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Fri Jul 12, 2019, 10:58 AM

NYT Magazine: It Was Never About Busing

(I'm posting this in General Discussion because although the issue was brought up in a debate, it is a much broader topic that should be considered well beyond the scope of the presidential primaries)

It Was Never About Busing
Court-ordered desegregation worked. But white racism made it hard to accept.

By Nikole Hannah-Jones

That we even use the word “busing” to describe what was in fact court-ordered school desegregation, and that Americans of all stripes believe that the brief period in which we actually tried to desegregate our schools was a failure, speaks to one of the most successful propaganda campaigns of the last half century ...

The term “busing” is a race-neutral euphemism that allows people to pretend white opposition was not about integration but simply about a desire for their children to attend neighborhood schools. But the fact is that American children have ridden buses to schools since the 1920s. There is a reason the cheery yellow school bus is the most ubiquitous symbol of American education. Buses eased the burden of transportation on families and allowed larger comprehensive schools to replace one-room schoolhouses. Millions of kids still ride school buses every day, and rarely do so for integration.
...
In New York, after activists had spent years pushing the public schools to adopt a comprehensive desegregation plan, about 460,000 black and Puerto Rican students staged a walkout in protest in February 1964. With the city’s white population declining, school officials had maintained segregation through racial assignment policies, keeping white schools half empty while black schools in some areas grew so overcrowded that children attended in shifts, half for four hours in the morning, half for four hours in the afternoon, while white children got a full day of instruction.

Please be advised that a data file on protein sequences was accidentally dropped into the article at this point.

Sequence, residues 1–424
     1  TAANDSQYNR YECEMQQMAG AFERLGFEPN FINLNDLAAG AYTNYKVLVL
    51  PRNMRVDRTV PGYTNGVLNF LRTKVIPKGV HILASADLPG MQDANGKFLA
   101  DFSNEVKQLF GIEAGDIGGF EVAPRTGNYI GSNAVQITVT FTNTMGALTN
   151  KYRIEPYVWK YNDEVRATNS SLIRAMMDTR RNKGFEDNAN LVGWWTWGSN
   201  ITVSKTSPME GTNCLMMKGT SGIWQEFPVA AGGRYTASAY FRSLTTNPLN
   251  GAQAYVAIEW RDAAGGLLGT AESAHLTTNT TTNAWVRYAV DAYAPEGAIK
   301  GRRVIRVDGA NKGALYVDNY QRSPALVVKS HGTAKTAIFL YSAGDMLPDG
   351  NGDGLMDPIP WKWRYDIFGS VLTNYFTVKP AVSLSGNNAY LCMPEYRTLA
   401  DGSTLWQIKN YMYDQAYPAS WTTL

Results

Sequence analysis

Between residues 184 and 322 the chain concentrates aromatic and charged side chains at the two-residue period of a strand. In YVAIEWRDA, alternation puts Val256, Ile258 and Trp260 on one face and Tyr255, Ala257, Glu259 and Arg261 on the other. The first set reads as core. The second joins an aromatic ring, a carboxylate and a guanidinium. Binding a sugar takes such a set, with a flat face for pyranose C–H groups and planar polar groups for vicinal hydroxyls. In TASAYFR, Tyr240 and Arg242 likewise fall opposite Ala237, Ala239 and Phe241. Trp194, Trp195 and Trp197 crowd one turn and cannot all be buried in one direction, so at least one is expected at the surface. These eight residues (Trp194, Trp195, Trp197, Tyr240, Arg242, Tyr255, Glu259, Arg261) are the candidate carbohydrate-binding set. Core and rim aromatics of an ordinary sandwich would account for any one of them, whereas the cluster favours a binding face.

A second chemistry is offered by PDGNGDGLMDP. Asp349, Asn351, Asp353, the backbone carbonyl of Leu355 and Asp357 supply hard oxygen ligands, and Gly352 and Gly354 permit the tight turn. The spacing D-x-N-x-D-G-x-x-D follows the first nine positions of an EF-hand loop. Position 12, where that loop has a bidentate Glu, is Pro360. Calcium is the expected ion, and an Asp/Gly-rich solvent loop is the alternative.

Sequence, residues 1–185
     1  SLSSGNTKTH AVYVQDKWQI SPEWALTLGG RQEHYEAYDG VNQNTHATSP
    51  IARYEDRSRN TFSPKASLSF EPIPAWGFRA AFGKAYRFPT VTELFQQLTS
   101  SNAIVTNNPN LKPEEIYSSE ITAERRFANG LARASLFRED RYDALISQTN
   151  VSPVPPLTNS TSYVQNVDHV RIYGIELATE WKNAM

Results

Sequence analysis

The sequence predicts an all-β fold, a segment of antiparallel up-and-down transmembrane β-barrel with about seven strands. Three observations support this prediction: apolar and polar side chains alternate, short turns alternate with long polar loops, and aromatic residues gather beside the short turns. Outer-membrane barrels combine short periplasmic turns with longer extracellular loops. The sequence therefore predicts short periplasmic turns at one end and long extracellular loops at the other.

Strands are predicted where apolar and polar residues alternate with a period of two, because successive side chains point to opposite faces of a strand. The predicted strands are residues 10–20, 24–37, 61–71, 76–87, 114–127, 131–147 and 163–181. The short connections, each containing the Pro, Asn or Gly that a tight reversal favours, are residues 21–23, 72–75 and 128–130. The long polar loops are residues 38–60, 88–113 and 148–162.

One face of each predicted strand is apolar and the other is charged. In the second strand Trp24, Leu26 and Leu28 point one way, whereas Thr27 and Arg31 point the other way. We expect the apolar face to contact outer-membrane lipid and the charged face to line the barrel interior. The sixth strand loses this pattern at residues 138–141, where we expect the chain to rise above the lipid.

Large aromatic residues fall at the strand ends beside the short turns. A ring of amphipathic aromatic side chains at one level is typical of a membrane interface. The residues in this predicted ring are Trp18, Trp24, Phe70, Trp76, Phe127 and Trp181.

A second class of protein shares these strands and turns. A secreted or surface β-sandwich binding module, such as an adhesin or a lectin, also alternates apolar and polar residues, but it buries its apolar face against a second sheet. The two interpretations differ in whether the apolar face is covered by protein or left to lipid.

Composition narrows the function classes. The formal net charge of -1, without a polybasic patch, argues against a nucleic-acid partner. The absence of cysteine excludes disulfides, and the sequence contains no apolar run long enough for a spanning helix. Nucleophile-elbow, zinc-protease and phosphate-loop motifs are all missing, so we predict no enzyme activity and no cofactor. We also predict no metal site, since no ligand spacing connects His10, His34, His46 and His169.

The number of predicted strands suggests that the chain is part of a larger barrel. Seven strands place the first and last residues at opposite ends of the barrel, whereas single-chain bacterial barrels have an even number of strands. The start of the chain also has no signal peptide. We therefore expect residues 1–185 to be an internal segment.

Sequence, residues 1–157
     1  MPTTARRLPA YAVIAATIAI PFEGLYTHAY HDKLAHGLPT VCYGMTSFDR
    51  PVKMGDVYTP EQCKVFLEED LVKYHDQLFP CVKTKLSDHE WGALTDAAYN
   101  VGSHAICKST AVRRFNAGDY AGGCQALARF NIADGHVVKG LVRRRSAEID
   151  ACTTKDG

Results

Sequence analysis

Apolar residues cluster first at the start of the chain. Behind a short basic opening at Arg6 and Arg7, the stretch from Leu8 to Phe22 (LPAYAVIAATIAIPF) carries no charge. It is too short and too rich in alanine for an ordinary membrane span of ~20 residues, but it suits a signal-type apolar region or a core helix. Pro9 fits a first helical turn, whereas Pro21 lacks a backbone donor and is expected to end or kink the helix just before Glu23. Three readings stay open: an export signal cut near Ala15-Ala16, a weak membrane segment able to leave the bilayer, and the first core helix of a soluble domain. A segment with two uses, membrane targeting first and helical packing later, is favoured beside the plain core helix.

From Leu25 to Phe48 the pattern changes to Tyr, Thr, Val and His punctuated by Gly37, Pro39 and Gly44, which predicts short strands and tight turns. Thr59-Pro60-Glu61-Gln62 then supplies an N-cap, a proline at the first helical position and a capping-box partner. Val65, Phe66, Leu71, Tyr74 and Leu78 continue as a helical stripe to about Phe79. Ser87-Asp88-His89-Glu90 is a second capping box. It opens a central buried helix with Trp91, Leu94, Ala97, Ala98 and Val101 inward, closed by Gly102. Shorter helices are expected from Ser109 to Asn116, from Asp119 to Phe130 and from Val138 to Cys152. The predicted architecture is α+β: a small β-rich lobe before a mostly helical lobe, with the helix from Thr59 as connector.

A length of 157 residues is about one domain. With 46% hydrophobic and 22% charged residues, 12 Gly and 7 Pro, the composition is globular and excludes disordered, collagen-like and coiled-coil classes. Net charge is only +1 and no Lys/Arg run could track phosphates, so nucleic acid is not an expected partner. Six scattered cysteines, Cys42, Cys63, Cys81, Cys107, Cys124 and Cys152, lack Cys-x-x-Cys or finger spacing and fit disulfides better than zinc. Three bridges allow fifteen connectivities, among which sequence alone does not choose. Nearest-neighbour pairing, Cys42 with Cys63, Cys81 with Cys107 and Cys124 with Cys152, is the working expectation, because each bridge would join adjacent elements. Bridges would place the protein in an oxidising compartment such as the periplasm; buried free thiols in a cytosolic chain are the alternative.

After the protest, the city agreed to a very small, very limited desegregation plan that would bus children between 30 black and Puerto Rican schools and 30 white ones in a city of nearly one million students. Still, the backlash was swift. A month after the walkout, some 10,000 white parents, mostly women, staged a protest against “busing.” The organizers knew better than to adopt the rhetoric of the white segregationists down South. Instead they used race-neutral language, saying they were fighting for their own civil rights: the right to keep their kids off buses and in neighborhood schools.

National media converged on the protest, covering it with a sympathetic tone. It was the first known antibusing protest in the country, according to historian Matthew F. Delmont’s 2016 book, “Why Busing Failed: Race, Media, and the National Resistance to School Desegregation.” While the fears of “busing” in New York and other places “outpaced the numerical reality of students transferred for school desegregation,” Mr. Delmont writes, by focusing on busing, people “gave equal weight to black protests against segregated schools and white protests to maintain these segregated conditions.”

https://nyti.ms/2Jxek15

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Reply NYT Magazine: It Was Never About Busing (Original post)